Any Canadian athlete that dons the maple leaf also dreams of standing on the Olympic podium with the Canadian flag draped across their back.

Inching closer to Rio 2016, highlighted by the recent unveiling of Team Canada’s Rio 2016 Olympic and Paralympic collection, as well as the Canadian Olympic Swimming Trials, it’s time to look into Canada’s rich history at the summer Olympic Games and check out some of its most decorated summer athletes.

The Five Medals Club

Lesley Thompson-Willie

Rowing (1 Gold, 3 Silver, 1 Bronze)

Lesley Thompson-Willie is the legendary coxswain of the Canadian women’s eight rowing team. She is an eight-time Olympian (1980-2000, 2008-12) and five-time Olympic medallist, starting with coxed fours silver at Los Angeles 1984 and most recently coxed eight silver at London 2012. Having guided the women’s eight to gold at Barcelona 1992, Thompson-Willie looks to add to her illustrious medal collection at Rio 2016. Outside of the Olympic Games, Thompson-Willie has competed at 18 world championships, winning 10 medals (1 Gold, 4 Silver, 5 Bronze).

Related: Zeeman golden as Canada collects four World Rowing Cup I medals

Phil Edwards

Athletics (5 Bronze)

Edwards, Philip

Phil Edwards (middle with maple leaf) at Los Angeles 1932.

Known as the “Man of Bronze” for his five bronze medals at the Olympic Games, Phil Edwards represented Canada on the highest level in every way. He won bronze at Amsterdam 1928 (4x400m relay), Los Angeles 1932 (800m, 1500m, 4x400m relay) and Berlin 1936 (800m). He was the first recipient of the Lou Marsh Award as Canada’s top athlete in 1936, was the first black athlete to win gold at the British Empire Games (now the Commonwealth Games) and set 13 national records during his athletic career. Edwards served as captain with the Canadian Army in World War II and went on to become a leading physician and tropical disease expert. Shortly after his death in 1971, the “Phil Edwards Memorial Trophy” was established to be presented annually to Canada’s most outstanding track athlete by Athletics Canada.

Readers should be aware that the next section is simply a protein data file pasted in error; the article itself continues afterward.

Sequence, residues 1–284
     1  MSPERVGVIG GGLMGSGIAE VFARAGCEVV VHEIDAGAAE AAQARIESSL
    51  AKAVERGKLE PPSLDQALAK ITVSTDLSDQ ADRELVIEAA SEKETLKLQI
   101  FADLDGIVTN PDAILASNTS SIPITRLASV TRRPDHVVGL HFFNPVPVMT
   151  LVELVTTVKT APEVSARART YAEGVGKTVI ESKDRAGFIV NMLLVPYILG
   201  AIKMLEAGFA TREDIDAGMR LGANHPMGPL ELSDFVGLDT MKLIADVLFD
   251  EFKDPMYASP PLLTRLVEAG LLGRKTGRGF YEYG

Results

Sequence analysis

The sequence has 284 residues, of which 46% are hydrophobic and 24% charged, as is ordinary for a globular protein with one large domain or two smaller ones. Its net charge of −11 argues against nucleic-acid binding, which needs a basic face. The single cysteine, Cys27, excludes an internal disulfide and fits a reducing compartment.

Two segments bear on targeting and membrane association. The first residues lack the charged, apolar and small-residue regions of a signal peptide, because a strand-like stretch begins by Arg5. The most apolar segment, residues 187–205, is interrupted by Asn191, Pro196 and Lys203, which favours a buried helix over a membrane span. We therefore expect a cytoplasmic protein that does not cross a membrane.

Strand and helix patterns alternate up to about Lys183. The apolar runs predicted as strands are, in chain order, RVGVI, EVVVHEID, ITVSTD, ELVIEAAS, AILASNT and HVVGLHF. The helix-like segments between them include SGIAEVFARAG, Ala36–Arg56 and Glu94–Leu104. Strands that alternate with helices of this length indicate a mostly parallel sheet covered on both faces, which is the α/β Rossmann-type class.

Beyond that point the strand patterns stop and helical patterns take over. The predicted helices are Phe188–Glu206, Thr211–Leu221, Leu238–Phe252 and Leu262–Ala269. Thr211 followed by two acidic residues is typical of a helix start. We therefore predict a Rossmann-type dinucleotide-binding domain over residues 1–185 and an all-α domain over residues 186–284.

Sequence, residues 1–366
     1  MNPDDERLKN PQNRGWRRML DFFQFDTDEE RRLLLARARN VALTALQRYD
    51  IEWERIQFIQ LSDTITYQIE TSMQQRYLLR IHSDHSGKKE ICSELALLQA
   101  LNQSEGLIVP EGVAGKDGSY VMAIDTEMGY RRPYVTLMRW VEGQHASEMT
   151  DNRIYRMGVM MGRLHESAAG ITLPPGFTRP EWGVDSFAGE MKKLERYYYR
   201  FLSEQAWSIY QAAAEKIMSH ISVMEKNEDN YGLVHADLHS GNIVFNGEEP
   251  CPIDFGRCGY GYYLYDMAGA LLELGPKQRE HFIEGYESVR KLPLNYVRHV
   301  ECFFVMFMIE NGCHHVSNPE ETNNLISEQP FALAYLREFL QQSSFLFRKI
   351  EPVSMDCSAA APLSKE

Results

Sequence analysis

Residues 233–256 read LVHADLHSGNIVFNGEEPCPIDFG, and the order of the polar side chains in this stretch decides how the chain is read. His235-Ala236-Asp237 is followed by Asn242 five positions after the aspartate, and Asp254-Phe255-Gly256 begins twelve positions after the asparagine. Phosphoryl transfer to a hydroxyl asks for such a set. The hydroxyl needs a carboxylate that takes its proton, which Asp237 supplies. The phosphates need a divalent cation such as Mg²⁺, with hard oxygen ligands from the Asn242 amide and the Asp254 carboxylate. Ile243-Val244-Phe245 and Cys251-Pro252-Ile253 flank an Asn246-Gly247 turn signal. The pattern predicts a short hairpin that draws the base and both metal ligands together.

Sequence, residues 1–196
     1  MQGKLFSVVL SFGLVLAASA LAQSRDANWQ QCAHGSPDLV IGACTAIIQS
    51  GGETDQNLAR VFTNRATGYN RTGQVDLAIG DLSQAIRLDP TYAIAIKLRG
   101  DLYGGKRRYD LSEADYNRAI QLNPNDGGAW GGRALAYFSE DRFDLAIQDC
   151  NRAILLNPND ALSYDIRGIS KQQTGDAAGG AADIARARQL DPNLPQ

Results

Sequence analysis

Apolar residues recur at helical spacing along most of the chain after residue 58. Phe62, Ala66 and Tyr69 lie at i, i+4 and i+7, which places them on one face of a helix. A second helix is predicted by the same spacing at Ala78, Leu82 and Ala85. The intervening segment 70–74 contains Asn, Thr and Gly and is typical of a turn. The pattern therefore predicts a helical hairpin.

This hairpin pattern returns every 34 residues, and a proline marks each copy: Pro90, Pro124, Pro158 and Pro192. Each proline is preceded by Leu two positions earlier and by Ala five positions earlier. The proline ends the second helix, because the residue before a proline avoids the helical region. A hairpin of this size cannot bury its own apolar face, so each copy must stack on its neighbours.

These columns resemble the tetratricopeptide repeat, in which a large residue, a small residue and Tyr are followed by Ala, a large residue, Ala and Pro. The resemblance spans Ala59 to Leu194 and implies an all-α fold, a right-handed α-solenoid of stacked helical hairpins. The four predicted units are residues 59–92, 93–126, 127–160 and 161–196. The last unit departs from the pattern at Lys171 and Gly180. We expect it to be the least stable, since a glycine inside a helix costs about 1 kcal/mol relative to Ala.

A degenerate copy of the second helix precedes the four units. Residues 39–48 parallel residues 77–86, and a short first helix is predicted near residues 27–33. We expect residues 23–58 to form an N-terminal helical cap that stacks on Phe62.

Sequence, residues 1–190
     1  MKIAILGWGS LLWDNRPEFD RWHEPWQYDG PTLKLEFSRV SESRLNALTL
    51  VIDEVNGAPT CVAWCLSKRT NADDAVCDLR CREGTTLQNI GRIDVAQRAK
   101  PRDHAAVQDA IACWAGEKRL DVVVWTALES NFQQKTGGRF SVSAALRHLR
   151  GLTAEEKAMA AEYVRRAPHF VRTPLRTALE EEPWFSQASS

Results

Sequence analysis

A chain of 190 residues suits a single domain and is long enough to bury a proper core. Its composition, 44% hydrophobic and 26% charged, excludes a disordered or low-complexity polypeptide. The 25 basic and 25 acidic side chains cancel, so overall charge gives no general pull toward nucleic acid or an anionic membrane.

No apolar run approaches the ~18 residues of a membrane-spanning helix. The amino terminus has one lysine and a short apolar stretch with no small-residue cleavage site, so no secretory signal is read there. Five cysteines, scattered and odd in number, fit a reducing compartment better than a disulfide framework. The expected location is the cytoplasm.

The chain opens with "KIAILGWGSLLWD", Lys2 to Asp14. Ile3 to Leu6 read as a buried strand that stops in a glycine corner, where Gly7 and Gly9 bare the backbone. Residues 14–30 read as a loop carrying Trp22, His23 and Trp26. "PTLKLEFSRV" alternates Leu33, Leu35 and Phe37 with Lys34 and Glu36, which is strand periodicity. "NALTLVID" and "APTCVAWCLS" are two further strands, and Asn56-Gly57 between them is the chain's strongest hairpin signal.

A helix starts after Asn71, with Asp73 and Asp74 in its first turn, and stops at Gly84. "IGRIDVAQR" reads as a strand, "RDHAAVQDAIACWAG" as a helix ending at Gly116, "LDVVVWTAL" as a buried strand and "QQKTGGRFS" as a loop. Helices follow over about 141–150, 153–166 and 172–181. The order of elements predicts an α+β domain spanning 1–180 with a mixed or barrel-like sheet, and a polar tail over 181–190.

The Four Medals Club

Kathleen Heddle & Marnie McBean

Rowing (3 Gold, 1 Bronze)

McBean, Marnie | Heddle, Kathleen

As one of Canada’s most successful pairings, Kathleen Heddle and Marnie McBean are the first Canadian athletes to win Olympic gold three times. At Barcelona 1992 the duo won their first two gold medals in the coxed eight and coxless pair. They went on to win gold again in the double sculls along with a bronze medal in the quadruple sculls at Atlanta 1996. Both went on to be awarded the Thomas Keller medal by the World Rowing Federation, recognizing them for their accomplishments and sportsmanship throughout their careers.

Victor Davis

Swimming (1 Gold, 3 Silver)